Quote of the Day: To the artist there is never anything ugly in nature. Auguste Rodin

Perhaps the mission of the artist is to interpret beauty to people – the beauty within themselves. Langston Hughes

Nicholas Kory as John Merrick in the Elephant Man, BCT at CLC. Photo by John Erickson.

Sometimes a play comes along that is a true work of art. Patrick Spradlin has directed an exceptional work of theater arts in the Brainerd Community Theater (BCT) Production at Central Lakes College (CLC). The script feels like an open journal that the characters perform for us, sometimes in monologue, sometimes in dialogues, and sometimes in actions that are both hard to watch and heart-breaking. 

The Elephant Man is the true story of John Merrick who had grotesque deformities that started to develop when he was five years old. He was born in Leicester, England in 1862, a happy, healthy baby boy. His mother died when he was eleven years old, which caused him deep sadness. He was very close to his mother and she cared for and nurtured him and never rejected him because of his deformities. His father remarried and treated John cruely. He was sent to a workhouse where he was treated even worse. After he left the workhouse, he joined with a traveling freak show where he was put on display as “The Elephant Man.” People left screaming and choking from his stench. Although he was treated fairly well by his handlers, and paid, at one point he was robbed, and lost on the streets. In his pocket, they found a card from Dr. Frederick Treves. The play tells the rest of the story.

Kevin Yeager as Dr. Treves in BCT’s production of The Elephant Man, at CLC. Photo by John Erickson.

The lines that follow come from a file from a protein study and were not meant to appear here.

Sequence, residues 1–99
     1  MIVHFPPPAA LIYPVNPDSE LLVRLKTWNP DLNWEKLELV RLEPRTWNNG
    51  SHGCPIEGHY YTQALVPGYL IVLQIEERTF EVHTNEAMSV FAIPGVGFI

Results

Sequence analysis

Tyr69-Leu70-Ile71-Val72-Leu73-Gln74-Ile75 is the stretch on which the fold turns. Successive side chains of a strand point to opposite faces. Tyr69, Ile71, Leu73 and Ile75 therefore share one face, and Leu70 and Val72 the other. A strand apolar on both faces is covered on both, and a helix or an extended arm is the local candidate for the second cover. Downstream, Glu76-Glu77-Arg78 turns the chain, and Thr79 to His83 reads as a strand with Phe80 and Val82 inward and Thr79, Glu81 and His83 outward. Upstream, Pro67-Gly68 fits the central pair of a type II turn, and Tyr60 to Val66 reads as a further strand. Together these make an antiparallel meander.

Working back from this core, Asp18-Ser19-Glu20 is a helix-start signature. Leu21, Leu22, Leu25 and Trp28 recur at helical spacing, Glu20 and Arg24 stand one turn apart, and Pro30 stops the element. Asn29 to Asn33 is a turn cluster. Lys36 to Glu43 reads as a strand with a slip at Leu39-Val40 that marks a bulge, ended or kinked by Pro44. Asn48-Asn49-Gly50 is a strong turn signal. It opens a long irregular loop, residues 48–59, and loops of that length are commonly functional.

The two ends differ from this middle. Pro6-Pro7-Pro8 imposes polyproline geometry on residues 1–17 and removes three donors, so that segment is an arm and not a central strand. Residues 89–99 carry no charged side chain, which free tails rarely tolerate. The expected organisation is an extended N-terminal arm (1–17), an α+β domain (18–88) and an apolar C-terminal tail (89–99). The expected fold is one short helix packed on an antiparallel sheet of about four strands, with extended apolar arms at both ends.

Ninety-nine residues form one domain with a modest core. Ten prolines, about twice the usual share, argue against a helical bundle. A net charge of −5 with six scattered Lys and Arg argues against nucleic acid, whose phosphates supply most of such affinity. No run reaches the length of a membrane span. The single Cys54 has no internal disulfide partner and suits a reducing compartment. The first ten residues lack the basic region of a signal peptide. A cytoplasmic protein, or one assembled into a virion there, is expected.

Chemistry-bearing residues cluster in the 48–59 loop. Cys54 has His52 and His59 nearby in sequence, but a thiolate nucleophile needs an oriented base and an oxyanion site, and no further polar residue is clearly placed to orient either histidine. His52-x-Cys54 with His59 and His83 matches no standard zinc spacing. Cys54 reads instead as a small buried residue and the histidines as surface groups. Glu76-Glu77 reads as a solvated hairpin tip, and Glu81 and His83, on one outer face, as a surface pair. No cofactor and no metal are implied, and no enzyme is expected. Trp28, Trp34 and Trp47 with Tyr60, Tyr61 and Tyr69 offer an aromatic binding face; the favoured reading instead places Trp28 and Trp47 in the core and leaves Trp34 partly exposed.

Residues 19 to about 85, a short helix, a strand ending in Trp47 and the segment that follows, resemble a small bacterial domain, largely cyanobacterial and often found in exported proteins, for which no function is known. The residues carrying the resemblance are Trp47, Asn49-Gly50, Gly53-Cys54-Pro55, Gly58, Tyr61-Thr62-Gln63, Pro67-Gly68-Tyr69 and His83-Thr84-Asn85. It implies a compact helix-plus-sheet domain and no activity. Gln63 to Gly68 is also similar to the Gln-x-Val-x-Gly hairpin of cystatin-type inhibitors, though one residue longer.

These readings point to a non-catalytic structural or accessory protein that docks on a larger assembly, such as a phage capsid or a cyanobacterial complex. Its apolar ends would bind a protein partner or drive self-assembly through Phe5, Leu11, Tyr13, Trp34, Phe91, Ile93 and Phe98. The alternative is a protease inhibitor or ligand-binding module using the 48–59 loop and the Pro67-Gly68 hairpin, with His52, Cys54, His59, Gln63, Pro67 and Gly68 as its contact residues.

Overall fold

This is one of the most superbly acted productions that I’ve seen at CLC. Nicholas Kory as John Merrick is heart-breaking and tender. He shows us the human behind the disfigurement. He is an artist, sensitive and lonely. At one point in the play he says, “If your mercy is so cruel, what do you do for judgement?”

Kevin Yeager gets to the heart of his character as well. He plays Dr. Frederick Treves. He is the first (in the play) to show compassion to the young man. He talks to his keeper Ross (played by Marc Oliphant) about how he can help him. He gives him his card. When they are reunited, he tries to help him, but the limits of medicine of those times was too much. Mostly, he just kept him safe, and at one point found him a companion.

Enter Mrs. Kendal played by the extraordinary Jenny Kiffmeyer. This is the strongest, and bravest, performance I’ve seen from her. She takes this role on with a strength and tenderness befitting this heart-wrenching story. Bravo to you, Jenny. It takes courage, and trust, to be so bold on stage. 

Jenny Kiffmeyer as Mrs. Kendal in The Elephant Man at CLC. Photo by John Erickson.

All of the actors were at the top of their game, and under the thoughtful direction of Patrick Spradlin, have created a memorable show filled with emotion. The stage is simple with easy moving parts, dividers with curtains to simulate a hospital, set pieces to represent offices and the carnival. We see a model of a church that John Merrick works on throughout the play, as well as drawings that show the artist within. The sound and lighting (designed by Ben Kent and George Marsolek) create the atmosphere. Erika Christiansen exquisitely plays the cello during the play, creating a strong emotional connection to the story as it unfolds before us.

You can see The Elephant Man at CLC through October 4, 2018. Week day performances only next week. The theater community is giving his praise to this important and emotional show.

Go. Create. Inspire!

Journaling Prompt: Describe the inner beauty and artist in yourself or someone you know. When have you shown compassion to someone who is shunned by society?